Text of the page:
I’m doing a research paper on self-publishing, and I realized something.
I’m not doing nearly enough.
That is what is going to keep 90% of people who want to write a book at bay. The fact that not only do you have to do the hard work of writing a book, but you also have to do the hard work of marketing a book, making it stand out in the crowd amid the traditionally published and the slew of authors making themselves known in the independent markets. The competition is so heavy; it’s definitely cause to wonder why even try.
Seeing that I wasn’t doing enough made me want to do more. It makes me want to take marketing classes and learn ‘the game’ so that I can catch more attention. Not for the money, so much, as for the attention. I want people to read my books. I want to make a living off of my books, don’t get me wrong, but this is so I can spend more time writing.
It’s all about the time spent writing, here, and the ability to spend more time at it equals the higher quality writing that gets produced.
Not everyone is meant for this mindset. There are lots of people who think they have a great idea for a book, but can’t be bothered to write it. And you know what? You do! After multiple conversations with a lot of non-writers, you guys have great ideas! Chances are, however, that is where you want to leave it. You have one idea, or a couple of very different ideas that are both great but have nothing to do with one another. You have things to say about your favorite TV shows, plot holes to discuss from your favorite movies, and characters from books that you’d love to see tweaked in just such a way. Or, it could be a dream, or a stray thought in passing while you were in science class.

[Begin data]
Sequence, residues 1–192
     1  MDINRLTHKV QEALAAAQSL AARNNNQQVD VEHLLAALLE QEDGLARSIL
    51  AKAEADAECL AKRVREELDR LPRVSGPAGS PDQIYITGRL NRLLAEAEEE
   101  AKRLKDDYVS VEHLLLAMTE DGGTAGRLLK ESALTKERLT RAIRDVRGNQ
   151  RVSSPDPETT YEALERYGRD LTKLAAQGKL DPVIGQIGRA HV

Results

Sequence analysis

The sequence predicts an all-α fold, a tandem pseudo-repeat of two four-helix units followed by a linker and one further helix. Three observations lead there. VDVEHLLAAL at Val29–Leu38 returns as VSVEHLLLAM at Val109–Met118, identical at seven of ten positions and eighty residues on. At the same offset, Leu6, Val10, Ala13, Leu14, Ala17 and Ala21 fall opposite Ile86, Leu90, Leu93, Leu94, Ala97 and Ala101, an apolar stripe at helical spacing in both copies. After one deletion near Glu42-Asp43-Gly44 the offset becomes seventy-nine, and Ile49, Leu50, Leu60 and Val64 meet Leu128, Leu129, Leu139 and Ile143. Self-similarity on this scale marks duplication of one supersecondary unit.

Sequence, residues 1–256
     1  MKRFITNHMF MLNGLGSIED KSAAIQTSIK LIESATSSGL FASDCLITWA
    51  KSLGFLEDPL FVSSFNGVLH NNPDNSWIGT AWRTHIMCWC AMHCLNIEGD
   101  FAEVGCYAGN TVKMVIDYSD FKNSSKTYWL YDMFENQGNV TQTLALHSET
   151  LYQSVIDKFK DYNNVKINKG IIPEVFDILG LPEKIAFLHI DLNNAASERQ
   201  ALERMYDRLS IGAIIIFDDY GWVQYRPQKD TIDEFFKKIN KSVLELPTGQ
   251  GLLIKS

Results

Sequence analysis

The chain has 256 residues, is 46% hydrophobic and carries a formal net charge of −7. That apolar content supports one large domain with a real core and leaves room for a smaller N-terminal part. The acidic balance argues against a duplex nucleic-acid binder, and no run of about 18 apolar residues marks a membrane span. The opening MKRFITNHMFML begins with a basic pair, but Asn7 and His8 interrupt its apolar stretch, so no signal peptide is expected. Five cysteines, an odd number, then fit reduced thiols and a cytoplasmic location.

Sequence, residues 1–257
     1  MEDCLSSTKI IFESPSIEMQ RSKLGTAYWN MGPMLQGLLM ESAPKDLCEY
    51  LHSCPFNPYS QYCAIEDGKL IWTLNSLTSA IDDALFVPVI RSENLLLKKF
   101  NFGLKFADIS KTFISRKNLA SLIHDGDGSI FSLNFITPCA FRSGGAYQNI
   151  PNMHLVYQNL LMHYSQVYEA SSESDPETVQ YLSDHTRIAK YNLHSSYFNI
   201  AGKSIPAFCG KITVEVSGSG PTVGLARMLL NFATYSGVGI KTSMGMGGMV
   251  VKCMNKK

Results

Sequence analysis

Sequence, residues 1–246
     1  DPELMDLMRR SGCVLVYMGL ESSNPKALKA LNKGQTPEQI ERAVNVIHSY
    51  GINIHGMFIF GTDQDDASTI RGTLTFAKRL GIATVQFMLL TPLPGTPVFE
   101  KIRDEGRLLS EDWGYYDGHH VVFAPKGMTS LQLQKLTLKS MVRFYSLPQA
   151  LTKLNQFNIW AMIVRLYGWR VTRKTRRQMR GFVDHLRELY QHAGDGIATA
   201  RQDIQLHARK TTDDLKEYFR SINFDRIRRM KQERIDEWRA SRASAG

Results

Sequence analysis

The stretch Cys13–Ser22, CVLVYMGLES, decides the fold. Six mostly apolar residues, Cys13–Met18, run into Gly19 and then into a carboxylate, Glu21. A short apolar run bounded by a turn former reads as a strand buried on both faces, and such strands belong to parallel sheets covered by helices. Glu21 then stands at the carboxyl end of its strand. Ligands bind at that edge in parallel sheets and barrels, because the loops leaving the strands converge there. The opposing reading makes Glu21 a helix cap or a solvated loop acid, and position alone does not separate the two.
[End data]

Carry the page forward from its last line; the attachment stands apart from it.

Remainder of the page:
That’s what writers do.
Most of us know how to drive. Yet, only a select few end up driving race cars for the Indy 500. A lot of us know how to cook, but we’re not on the Food Network. Everyone has dreams, passions, things they want in life. The difference is that most people are more interested in taking an easy route. They take the job that’s offered to them because it’s practical, they balk from the long hours demanded, and they settle for something that isn’t so hard.
There is nothing wrong with that, but letting competition be the reason for not speaking up and following your dream robs you of your you. Things may seem to be hard work, but your options are to have something to work towards, or do unfulfilling work for other people who don’t care about you.
It’s possible that there are other ways this story unfolds, but at this point I haven’t see any instances to speak of.
Having gone far enough down the path with nothing to show for it, I’m giving hard work a try, and I recommend it to anyone.